Life at the Brimstone Pit

Categories: Extreme Life
View of a de-gassing event at Brimstone Pit at NW Rota-1 volcano releasing an extraordinary number of bubbles probably carbon dioxide. The yellow parts of the plume in the background contain tiny droplets of molten sulfur. Credit: NOAA

A NOAA-led team of ocean explorers returned this month with new and dramatic video and sound recordings of a long-term deep-sea volcanic eruption first discovered in 2004 on the Mariana Arc. The site, with red lava and spewing sulphur and rocks, has been seen erupting on three visits in two years and provides a unique opportunity for scientists to study underwater volcanic activity.

The eruption is at Brimstone Pit, a vent high on the side of the large submarine volcano
NW Rota-1, located about 37 miles northwest of the island of Rota, in the Northern Mariana Islands. The volcano is one of many on the Mariana Arc, part of the "Submarine Ring of Fire" that circles the Pacific Ocean basin, where tectonic plates spread or collide.

"In three international expeditions spanning more than two years, we’ve discovered a submarine volcano erupting perhaps continuously and often violently, spewing rocks that sometimes forced us to back away our remotely operated vehicles," said Bob Embley, an oceanographer with the NOAA Pacific Marine Environmental Laboratory in Newport, Ore., and chief scientist on missions in 2004 and 2006. "But with those underwater robots, we could often get in close to take compelling images and to sample the chemistry in ways not possible with volcanoes on land."

A paper in the May 25 issue of the science journal Nature with Embley as lead author, reports findings from the NOAA-sponsored expedition to the site in 2004, and from an expedition in 2005 sponsored by the Japanese Agency for Marine-Earth Science and Technology (JAMSTEC), and led by JAMSTEC’s Yoshihiko Tamura. The paper presents the first observations of a deep-sea eruption on a submarine arc volcano and its effects on the surrounding ocean, and describes plumes of sulfur-rich fluids and volcanic ash expelled in pulses from a crater that in 2004 measured nearly 50 feet in diameter at a depth of about 1,800 feet.

Pieces of lava coated in yellow sulfur that stand out at the leading edge of an advancing lava flow on the seafloor at NW Rota-1 volcano. Bubbles of carbon dioxide also are streaming upwards as gases escape from the lava.
Credit: NOAA

A 2006 NOAA-sponsored mission completed earlier this month obtained new and dramatic video and audio recordings of the continuing eruption. An interdisciplinary team of 21 scientists from the U.S., Japan, Canada and New Zealand sailed on the research vessel Melville, operated by the Scripps Institution of Oceanography. The science team worked closely with the Deep Submergence Operations Group of Woods Hole Oceanographic Institution to use the remotely operated vehicle Jason II to explore and collect samples on nine different active submarine volcanoes. A chronicle of the mission, including eruptive sounds and images, is online.

Bill Chadwick, a geologist at Oregon State University and the NOAA Vents Program, was on the 2004 and 2006 expeditions. "The eruptive activity at Brimstone Pit, although violent at times, is usually limited to a small area because of the dampening effect of the surrounding water," he said. "The pressure of 1837 feet of water over the site reduces the power of the explosive bursts, and the water quickly slows down the rocks and ash that are violently thrown out of the vent. Most of the time, the underwater robot Jason could hover about 10 feet away and watch for hours. You could never do that on land," he said. "We could also see the release of volcanic gases from the erupting lava with new clarity with the help of the streams of bubbles and multicolored plumes as they were emitted."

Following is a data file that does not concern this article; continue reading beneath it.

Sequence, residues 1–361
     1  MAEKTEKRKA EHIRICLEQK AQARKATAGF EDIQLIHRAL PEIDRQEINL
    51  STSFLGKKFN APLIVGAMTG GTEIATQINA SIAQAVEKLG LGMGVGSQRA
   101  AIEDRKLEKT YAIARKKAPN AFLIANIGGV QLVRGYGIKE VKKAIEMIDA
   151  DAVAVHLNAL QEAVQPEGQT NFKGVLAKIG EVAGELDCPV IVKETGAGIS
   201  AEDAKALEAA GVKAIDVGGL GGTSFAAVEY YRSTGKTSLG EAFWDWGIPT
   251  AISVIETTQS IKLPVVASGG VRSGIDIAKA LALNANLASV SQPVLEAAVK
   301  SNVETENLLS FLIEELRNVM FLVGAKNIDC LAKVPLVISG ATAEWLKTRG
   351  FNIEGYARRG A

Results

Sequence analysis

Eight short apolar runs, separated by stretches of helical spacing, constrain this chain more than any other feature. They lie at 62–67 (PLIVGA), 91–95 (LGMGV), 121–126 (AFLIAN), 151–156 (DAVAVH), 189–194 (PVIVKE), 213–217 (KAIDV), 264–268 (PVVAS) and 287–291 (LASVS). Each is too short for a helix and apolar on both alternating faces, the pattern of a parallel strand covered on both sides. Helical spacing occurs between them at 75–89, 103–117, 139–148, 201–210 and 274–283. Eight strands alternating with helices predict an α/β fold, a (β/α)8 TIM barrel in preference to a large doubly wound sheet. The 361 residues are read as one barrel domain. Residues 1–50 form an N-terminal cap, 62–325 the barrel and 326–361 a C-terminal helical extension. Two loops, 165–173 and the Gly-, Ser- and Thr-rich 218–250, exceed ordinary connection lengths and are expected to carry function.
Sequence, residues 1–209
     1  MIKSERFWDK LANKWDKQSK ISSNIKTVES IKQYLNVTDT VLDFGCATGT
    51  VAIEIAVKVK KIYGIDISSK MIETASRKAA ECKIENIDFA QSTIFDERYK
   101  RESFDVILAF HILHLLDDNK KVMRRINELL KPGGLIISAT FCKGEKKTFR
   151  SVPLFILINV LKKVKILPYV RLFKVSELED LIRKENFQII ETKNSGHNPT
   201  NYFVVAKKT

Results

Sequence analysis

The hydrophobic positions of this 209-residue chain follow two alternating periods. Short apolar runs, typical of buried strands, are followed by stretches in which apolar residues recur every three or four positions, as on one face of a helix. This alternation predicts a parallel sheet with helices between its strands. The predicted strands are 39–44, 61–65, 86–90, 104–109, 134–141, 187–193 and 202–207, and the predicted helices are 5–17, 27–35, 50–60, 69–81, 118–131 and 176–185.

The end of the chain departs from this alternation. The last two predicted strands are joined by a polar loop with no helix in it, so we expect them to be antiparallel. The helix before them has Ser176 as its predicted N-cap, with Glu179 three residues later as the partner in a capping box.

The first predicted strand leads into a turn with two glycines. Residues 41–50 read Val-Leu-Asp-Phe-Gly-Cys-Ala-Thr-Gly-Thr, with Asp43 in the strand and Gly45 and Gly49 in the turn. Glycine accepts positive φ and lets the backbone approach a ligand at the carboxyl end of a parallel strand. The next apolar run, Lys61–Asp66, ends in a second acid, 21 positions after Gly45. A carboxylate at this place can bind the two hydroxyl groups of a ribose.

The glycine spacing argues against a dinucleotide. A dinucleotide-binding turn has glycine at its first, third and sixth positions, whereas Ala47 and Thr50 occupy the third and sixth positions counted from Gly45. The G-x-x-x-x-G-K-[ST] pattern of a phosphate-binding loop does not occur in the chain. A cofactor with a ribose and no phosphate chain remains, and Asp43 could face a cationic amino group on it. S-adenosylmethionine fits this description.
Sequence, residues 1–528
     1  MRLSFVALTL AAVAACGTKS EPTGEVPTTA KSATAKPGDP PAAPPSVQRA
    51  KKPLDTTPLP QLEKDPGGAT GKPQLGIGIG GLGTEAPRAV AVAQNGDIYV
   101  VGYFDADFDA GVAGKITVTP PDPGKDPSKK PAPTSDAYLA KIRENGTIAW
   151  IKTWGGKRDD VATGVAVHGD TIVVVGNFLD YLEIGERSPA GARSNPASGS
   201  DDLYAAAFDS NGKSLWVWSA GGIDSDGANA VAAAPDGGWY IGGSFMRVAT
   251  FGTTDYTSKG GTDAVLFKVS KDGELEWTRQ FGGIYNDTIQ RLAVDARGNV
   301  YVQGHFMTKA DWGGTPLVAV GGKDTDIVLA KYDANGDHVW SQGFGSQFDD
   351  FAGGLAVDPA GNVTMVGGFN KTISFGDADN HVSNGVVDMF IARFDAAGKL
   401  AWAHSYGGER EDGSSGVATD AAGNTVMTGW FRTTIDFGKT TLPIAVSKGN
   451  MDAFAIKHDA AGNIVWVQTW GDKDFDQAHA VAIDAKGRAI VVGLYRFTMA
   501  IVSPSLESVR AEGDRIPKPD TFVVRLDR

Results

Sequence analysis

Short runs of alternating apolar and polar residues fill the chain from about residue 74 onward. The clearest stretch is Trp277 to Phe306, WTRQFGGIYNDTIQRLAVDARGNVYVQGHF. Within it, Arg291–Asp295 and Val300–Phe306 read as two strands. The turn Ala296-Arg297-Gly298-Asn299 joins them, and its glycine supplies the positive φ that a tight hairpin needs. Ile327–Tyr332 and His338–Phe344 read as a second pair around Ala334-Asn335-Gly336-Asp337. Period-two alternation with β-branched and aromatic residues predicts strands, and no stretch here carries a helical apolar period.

"Locally, carbon dioxide forms waterfalls of bubbles in front of the advancing lava," said Cornel de Ronde, a geologist with New Zealand’s Institute of Geological & Nuclear Sciences, when describing Brimstone Pit. "It is these different gases that are the force behind the vigorous ‘mini-explosions’ within the lava flow."

Close-up of shrimp living near seafloor hot-springs at NW Rota-1 volcano. The yellowish coating on some of the shrimp is apparently from iron or sulfur that accumulates on their carapace. The pinker shrimp probably have molted more recently.
Credit: NOAA

Verena Tunnicliffe, the Canada Research Chair in Deep Oceans and professor at the University of Victoria, Canada, was on the 2006 mission to study chemosynthetic life-life based on chemicals. "On NW Rota, not many animals would want to live on an erupting volcano, but two feisty shrimp species are able to reap the benefits of the volcano’s hydrothermal activity where heated fluids are full of reduced chemicals that foster the growth of bacteria. Bacterial mats coat many rock and rubble surfaces thus forming an abundant food source for animals that can use such mats," she said.

At Daikoku Volcano on the northern part of the Mariana Arc chain, researchers found a pool of liquid sulfur at a depth of 1,365 feet with a "crust" moving in a wavelike motion from continuous flow of gas from below. Liquid sulfur and clouds of gases rich in hydrogen sulfide and other sulfur gases, could be linked to an unusually high density of chemosynthetic organisms found on Mariana submarine volcanoes.

"These expeditions are part of our mission to explore the ocean for the purpose of discovery and the advancement of knowledge," said Steve Hammond, acting director of the NOAA Office of Ocean Exploration. "They are critically important pathfinding missions that challenge us to understand the fundamental processes of the ocean and how they affect our lives."

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